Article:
• Deep Forest Foundation

Let’s Talk About “Culture”

Thiago Cardoso

The Amerindians and Their Transformations


Until the mid 1970s, it was believed that the disappearance of indigenous peoples was inevitable. Whole peoples from all corners of South America were seen as fossil records of cultures fated to inexorably disappear. That is, Indian was a “thing of the past”. Terms such as cultural change, acculturated, miscigenados, caboclos, mestizos were commonly used in the anthropological literature and common sense to express a process of disappearance of the cultures. Were the amerindians in danger of extinction? Would they be swallowed by history?


This “sentimental thinking” that permeates the idea of cultural loss is, according to the eminent anthropologist Marshal Sahlins, part of the way Western thought deals with culture and history. History seen as a timeline and culture as a collection of traits and characteristics of a people, would separate the peoples between those with history and those without history, a distinction between the modern and the traditional. Tradition would therefore be seen, as static, a prison to the past, and the “other”, the native, as representative of this primeval phase of humanity, as opposed to us supposedly modern and civilized.


It is in this sense that the idea of “true Indian” or the “real Indian” is invented, those who still live immersed in nature and would be guardians of ancestral and singular knowledge, in spite of those who underwent more acute transformations in the face of contact. An invention of our ethnocentrism and our evolutionary thinking that express little about how the various indigenous societies live and conceive the world and humanity.


I remember a course I gave recently to natural scientists involved in environmental projects, where I had great difficulty arguing that the idea of “cultural loss”, for them represented in the image of acculturated Indians wearing clothes, using money and cell phones, no longer made sense in anthropological terms. Firstly, I argued that we could think of culture in the plural and not as a thing (objects and static behaviours), but as a process, as different ways of inhabiting the world where lives entangle in a regime of interculturality. In other words, every way of inhabiting the world is historical and transforms itself along the time.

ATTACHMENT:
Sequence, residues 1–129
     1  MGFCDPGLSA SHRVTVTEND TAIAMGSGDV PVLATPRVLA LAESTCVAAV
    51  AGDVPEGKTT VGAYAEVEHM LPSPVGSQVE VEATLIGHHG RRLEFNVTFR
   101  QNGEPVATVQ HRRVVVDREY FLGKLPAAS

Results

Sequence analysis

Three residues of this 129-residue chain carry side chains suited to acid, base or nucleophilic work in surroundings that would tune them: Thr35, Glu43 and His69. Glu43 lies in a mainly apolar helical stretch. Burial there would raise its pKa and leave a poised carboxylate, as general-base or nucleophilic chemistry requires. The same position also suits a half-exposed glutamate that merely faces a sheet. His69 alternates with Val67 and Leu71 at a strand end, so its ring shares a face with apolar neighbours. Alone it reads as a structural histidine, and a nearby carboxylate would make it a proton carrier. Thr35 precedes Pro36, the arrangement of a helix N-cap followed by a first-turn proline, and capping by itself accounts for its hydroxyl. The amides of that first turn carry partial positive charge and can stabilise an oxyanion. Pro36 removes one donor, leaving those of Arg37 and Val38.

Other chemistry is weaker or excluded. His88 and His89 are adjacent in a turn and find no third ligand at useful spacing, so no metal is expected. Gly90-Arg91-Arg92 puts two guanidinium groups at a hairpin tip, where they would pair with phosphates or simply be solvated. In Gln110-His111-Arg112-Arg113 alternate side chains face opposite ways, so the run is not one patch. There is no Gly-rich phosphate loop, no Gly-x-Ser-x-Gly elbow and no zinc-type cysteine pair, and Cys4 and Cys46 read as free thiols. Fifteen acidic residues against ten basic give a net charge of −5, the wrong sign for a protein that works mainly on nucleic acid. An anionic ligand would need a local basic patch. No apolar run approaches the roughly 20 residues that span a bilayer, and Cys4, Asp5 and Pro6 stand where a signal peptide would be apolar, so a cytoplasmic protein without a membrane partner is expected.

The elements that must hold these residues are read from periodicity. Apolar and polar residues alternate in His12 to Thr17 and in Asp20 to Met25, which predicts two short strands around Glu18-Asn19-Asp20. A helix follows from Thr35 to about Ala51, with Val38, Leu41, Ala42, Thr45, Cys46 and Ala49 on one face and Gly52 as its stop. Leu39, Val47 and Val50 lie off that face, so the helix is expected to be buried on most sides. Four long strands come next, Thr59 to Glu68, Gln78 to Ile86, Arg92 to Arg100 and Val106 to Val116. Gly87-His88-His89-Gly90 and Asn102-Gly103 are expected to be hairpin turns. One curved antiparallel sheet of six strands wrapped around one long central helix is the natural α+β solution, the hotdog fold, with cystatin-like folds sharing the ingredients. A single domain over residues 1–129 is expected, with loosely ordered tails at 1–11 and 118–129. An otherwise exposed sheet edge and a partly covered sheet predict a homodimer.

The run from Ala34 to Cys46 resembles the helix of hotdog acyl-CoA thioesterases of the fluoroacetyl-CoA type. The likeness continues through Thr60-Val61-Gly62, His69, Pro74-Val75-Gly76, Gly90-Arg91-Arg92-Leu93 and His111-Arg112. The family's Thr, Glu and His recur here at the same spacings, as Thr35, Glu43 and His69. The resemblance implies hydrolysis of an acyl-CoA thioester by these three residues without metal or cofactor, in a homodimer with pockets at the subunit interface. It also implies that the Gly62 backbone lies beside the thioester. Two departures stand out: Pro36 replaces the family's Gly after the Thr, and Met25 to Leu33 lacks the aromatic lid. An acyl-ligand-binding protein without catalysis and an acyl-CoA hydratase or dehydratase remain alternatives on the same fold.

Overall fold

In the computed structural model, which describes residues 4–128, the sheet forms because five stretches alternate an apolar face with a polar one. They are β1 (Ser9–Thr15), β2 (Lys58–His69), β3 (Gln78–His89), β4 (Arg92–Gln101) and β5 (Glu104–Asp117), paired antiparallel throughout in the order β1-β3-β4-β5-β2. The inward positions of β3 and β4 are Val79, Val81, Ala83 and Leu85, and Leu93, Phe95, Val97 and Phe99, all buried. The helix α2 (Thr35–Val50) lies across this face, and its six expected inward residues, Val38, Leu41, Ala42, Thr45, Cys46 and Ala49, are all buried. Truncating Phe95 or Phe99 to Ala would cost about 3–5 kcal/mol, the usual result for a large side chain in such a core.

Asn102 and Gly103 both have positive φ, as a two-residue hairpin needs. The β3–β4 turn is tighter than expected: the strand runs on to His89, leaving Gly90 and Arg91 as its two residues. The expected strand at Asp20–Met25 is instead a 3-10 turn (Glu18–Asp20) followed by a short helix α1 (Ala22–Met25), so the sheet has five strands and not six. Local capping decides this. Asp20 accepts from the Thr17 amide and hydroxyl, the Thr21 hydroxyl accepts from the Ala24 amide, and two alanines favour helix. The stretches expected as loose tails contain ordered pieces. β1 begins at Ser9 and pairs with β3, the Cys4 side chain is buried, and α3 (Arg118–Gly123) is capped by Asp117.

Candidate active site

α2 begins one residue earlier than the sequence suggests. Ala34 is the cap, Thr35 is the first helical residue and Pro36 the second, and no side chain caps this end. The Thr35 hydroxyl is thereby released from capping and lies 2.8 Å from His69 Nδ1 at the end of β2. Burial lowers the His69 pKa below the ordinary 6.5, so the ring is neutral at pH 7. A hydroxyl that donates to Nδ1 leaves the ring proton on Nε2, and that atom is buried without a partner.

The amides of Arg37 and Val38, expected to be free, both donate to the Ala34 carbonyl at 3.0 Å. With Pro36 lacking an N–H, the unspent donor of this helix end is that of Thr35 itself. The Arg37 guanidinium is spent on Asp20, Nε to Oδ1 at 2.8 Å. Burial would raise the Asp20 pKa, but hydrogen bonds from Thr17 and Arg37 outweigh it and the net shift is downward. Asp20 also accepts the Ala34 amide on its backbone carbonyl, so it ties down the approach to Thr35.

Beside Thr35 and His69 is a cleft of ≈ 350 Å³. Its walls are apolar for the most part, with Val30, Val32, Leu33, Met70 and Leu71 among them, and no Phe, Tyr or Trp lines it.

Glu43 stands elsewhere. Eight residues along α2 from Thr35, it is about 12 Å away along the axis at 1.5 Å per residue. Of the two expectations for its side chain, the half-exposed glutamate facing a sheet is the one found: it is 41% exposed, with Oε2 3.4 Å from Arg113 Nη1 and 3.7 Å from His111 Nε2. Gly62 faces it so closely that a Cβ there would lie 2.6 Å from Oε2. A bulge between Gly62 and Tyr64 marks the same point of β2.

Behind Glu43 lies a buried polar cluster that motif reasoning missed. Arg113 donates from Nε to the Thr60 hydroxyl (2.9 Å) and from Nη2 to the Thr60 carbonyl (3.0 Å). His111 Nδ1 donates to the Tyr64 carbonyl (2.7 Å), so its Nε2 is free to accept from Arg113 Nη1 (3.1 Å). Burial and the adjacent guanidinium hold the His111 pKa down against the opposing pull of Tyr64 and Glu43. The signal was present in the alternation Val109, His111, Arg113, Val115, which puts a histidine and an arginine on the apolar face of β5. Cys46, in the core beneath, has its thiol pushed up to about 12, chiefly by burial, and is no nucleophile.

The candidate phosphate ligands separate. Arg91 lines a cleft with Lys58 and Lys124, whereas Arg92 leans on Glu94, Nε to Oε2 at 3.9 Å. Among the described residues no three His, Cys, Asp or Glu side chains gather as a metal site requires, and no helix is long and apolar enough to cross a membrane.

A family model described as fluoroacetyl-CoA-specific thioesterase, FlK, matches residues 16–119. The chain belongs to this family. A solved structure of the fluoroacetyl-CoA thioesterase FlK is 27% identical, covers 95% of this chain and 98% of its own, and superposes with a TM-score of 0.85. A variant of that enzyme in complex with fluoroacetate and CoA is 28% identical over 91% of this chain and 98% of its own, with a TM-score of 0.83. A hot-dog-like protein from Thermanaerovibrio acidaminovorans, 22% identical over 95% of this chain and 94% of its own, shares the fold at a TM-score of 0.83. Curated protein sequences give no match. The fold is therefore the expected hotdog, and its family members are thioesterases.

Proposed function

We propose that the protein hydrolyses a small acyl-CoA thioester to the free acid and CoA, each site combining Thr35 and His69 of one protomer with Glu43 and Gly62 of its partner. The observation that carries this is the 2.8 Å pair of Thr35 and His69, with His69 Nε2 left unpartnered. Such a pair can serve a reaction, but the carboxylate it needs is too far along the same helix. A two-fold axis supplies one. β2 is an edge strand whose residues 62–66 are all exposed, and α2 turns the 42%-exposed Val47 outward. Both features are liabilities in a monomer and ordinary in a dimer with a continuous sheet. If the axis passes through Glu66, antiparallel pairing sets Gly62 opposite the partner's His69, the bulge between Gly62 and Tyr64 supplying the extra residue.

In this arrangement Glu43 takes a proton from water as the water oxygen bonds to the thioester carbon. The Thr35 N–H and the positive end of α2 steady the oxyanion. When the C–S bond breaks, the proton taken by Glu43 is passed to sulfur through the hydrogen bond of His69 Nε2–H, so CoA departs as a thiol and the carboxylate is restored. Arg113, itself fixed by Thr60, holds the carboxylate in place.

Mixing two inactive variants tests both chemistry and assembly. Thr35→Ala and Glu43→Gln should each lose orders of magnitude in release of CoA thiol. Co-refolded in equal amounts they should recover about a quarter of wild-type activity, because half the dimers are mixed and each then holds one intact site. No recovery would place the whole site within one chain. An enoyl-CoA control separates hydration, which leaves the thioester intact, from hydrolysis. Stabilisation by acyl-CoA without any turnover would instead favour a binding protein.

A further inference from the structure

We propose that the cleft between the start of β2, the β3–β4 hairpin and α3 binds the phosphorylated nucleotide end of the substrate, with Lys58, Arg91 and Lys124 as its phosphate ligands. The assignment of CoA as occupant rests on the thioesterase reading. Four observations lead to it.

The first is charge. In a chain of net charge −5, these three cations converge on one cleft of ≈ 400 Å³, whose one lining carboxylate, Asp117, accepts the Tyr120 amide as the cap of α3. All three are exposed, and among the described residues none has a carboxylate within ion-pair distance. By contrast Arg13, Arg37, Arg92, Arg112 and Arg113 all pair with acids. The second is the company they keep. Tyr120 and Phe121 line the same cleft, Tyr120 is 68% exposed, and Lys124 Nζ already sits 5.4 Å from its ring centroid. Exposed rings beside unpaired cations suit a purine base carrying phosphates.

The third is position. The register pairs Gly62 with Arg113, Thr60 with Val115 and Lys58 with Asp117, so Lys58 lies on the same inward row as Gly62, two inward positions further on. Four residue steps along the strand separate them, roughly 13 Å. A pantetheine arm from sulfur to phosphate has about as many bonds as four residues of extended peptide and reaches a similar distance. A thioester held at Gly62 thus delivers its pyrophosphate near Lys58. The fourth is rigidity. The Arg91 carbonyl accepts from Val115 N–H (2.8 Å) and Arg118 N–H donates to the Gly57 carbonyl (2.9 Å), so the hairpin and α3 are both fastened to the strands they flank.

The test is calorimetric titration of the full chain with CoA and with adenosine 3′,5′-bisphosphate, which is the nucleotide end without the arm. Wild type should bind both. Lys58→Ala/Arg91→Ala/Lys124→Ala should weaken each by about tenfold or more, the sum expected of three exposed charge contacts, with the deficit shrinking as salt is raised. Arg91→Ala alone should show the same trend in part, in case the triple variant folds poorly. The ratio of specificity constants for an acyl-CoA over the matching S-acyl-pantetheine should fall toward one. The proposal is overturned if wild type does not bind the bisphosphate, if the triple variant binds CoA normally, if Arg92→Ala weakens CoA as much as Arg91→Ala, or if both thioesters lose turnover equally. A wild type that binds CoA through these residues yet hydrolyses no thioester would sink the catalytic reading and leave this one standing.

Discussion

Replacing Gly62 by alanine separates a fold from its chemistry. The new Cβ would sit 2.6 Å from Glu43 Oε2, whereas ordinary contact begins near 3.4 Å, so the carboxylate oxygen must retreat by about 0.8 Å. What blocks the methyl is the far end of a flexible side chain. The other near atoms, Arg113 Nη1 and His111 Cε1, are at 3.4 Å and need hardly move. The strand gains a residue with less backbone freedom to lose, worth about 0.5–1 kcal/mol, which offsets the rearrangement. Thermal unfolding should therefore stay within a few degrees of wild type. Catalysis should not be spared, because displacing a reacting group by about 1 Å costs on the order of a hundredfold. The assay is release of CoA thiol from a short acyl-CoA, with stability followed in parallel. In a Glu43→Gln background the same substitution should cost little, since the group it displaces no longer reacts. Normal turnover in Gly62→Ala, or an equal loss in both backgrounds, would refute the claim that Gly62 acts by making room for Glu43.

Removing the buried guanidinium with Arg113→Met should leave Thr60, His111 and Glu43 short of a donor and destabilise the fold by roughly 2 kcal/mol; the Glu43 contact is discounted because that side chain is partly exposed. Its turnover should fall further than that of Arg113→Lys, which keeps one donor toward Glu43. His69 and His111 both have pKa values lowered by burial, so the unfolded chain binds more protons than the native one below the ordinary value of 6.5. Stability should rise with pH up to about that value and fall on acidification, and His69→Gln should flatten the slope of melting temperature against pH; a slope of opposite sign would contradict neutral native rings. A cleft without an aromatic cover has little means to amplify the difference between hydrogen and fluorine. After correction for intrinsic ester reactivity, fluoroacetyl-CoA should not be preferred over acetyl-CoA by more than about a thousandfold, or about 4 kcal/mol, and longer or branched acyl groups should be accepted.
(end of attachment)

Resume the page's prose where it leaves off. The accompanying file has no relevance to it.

The case of identity formation of the Suya Indians, studied by Anthony Seegers is exemplary. Seegers pointed to another way of understanding the processes of constitution of ethnic identities. For him the process of cultural differentiation of the Suya was marked by the adoption of cultural “traces” of the indigenous people from Xingu and white people, describing punctually a process of “mixing”, that did not resemble the idea of acculturation. The anthropologist Dominique Gallois, in dealing with this theme with the Wajãpi, reacts to the idea of disappearance of cultures and tries to understand the construction of the differences from the native models of humanity and culture. She points out that the Wajãpi control their transformation in contexts of networks. The interculturality is, therefore, a condition of the existence of indigenous societies.


Secondly, I argued, what has actually happened is just the opposite: we are facing a vigorous “Amerindian renaissance”: they have not disappeared. Without denying the notorious genocide and ethnocide that has afflicted indigenous peoples since colonial times, the cultures are there, alive, active, resilient, inventive and proliferating in diverse ways, reinventing their past and subverting the exoticism.


According to the IWGIA organization, there are at least 5 thousand indigenous peoples in the world today, totalling more than 370 million of persons. In Brazil, since the 1980s, there has been a demographic resumption by the majority of the indigenous peoples with vigorous population growth, although specific groups have declined demographically and some are even threatened with extinction, such as the Indians in voluntary isolation[1]. Today there is an immense sociodiversity in Brazil, with 254 indigenous peoples, speakers of more than 150 different languages, being 896,917 individuals. In the Peruvian Amazon live more than 50, while in the Equadorian there are 12 ethnic groups.


It was impressive to see the eyes of my environmentalist collegues shine facing our talk about “culture”: that these myriad of indigenous peoples live and struggle to maintain their traditional territories and ways of “managing the world” in front of oil industries, mining companies and agribusiness. In this way, for example, the indigenous communities of the Negro River in the Brazilian Amazon provide us with complex and innovative traditional knowledge about the diversity of cultivated plants. The Ashaninka from Acre, Brazil, create an amazing school to teach the non-indian to manage the environment. And the Munduruku, of the Tapajós River, has been fighting against hydroelectric projects, affirming their contemporaneity, their sacred places and their way of life. They are three examples of many that we can follow and learn.  


In the 21st century the vast majority of South Americans ignore the immense diversity of indigenous peoples living in the continent. The difficulty of seeing them as subjects of history and part of contemporaneity, or simply as different, blinds us to our own ethnocentric arrogance and prevents us from having more symmetrical and fraternal cultural relations in a truly decolonizing ecology of knowledge. Something we should reflect on.


[1] On the list of Indigenous peoples in Brazil elaborated by the Socio-Environmental Institute – ISA, seven of them have populations between 5 and 40 individuals. 

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